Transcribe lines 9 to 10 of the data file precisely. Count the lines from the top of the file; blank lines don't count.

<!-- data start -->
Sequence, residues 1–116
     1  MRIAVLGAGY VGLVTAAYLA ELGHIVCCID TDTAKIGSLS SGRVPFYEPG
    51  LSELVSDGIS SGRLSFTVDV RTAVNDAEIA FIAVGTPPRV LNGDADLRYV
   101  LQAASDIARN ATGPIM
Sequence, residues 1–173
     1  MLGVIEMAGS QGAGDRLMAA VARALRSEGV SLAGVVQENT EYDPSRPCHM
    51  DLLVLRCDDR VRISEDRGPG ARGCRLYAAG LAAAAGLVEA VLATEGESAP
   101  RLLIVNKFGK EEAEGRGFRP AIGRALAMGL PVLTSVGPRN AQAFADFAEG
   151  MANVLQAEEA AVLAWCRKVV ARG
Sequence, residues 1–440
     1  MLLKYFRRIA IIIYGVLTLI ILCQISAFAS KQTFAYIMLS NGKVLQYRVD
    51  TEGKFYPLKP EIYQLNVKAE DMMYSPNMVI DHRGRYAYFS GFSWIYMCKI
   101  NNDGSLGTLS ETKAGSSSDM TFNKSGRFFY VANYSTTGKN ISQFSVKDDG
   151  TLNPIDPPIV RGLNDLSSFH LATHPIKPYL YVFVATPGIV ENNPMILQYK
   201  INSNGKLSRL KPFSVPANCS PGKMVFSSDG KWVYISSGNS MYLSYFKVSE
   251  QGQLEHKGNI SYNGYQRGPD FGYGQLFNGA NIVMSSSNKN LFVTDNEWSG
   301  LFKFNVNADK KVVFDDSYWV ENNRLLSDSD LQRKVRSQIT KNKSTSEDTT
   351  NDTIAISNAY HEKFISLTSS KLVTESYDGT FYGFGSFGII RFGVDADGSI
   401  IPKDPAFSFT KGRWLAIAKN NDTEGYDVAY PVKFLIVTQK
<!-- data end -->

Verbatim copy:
   151  MANVLQAEEA AVLAWCRKVV ARG
Sequence, residues 1–440